Last month, we visited Chicago for an amazing week of inspiring lectures, workshops and conversations. It was Chicago Ideas Week, and it was fantastic. Prophet’s Curator and Provocateur, Andy Stefanovich was invited to host one of many sessions – his focusing on the future of work. Andy’s role in looking towards the future of how we work has been decades in the making. For more than 25 years, Andy has been helping companies think differently about how they do the work they do with a combination of energetic inspiration and grounded strategy. While many organizations talk about unique culture, the way we work is far more nuanced and complex. As brands seek growth in an economy dominated by digital and increasingly driven by millennials, thinking about how work is changing is vital. Encouraged by Andy’s inspired storytelling, five talented speakers brought to life a highly engaging session.

Renetta McCann is the chief talent officer at Leo Burnett. She started the conversation by exploring how our jobs fulfill emotional needs as well as economic. “Creativity and emotion,” she explained, “are intrinsically linked.” For McCann, building more creative work places, spaces where people can explore creative possibilities is becoming increasingly important in the work place.

Justin Rosenstein continued the conversation by sharing a core belief: through “clarity of purpose, clarity of plan and clarity of responsibility” productivity abounds. That is why he created Asana, a productivity platform for the workplace. With Rosenstein’s platform companies can align around why they do what they do, how they’re going to do it and what role everyone plays in the doing. In this way he believes all companies can create a better working environment, now and in the future.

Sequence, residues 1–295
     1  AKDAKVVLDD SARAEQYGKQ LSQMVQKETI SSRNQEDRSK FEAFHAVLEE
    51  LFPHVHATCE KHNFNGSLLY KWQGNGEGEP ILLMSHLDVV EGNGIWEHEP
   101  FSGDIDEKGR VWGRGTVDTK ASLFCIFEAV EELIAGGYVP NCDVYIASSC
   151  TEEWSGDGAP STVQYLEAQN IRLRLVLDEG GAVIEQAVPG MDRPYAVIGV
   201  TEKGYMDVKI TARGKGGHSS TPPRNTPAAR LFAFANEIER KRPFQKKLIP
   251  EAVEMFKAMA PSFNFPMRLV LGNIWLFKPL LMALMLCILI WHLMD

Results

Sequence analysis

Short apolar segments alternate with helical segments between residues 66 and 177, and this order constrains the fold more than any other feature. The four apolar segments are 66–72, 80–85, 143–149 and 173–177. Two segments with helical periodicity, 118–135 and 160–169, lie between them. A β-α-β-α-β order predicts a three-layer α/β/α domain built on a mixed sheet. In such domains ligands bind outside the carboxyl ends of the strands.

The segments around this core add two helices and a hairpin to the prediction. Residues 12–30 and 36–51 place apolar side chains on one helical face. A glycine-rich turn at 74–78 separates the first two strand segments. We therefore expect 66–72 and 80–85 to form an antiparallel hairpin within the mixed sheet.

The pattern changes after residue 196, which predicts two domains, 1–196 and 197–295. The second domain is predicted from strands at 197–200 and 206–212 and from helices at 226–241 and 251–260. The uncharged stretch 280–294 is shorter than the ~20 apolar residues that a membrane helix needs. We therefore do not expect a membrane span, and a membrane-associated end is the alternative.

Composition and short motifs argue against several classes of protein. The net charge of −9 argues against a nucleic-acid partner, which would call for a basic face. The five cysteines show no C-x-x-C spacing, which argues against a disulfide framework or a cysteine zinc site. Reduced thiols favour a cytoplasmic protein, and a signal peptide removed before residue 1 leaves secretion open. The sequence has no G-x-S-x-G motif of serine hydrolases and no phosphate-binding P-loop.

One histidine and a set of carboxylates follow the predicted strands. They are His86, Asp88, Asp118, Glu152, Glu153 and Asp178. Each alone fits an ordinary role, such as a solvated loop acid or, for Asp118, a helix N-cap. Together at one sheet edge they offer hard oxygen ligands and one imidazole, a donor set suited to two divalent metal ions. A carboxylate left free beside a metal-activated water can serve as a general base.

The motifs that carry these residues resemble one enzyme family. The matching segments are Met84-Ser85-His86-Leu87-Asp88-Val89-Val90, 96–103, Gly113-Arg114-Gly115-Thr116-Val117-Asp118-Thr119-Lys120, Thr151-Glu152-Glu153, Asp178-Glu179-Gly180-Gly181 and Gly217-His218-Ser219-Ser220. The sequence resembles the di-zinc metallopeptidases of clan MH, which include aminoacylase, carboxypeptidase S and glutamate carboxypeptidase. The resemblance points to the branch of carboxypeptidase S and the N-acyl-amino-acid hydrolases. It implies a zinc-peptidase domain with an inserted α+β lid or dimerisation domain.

More inspiration came in the form of Keith Ferrazzi and Dan Black. Ferrazzi, the CEO of consulting firm Ferrazzi Greenlight, shared his insights on change within the organizations for which we work. “Organizations and cultures don’t change. People change within them,” Said Ferrazzi. He believes more collaboration and more fun will help form more positivity within our organizations. Black, the Director of Campus Recruiting at Ernst & Young, challenged our perceptions of generational differences. Bucking the negative connotations of Generation X lacking leadership presence, Generation Y focusing only on themselves and boomers remaining out of touch, Dan highlighted their strengths and therefore the value they could add if properly positioned. Millennial’s lead organizations in their social media and tech savvy. Generation X-ers are, in fact, the biggest revenue generators and crack problem solvers. Boomers, for their part, are the most cost effective and experienced. The future of work for Black means putting people to work in the right capacities.

Lastly, author Alison Wolf invited us to challenge our superficial judgments with a healthy dose of science. While it is true that beauty is often rewarded in the work place, height is seen as a powerful attribute and women must make efforts to not only be seen sexually, Wolf reveals that none of these perceptions have any scientific merit. The future of work for Wolf lies in letting our performance out way our prejudice.

The future of work is an important consideration for brands of any size or geography. The changing face of the worker and the type of work the future demands force brands to imagine how they should adjust. Making our workspaces more creative, collaborative and fun is a start. However, changing our mindsets by letting go of long held judgments, generational assumptions and gaining clarity in our business vision prepares us for a future in flux. Growing businesses require constant evolution and as Andy concluded “constant inspiration.” Its events like Chicago Ideas Week that ensure our ability to remain agile for a changing landscape.

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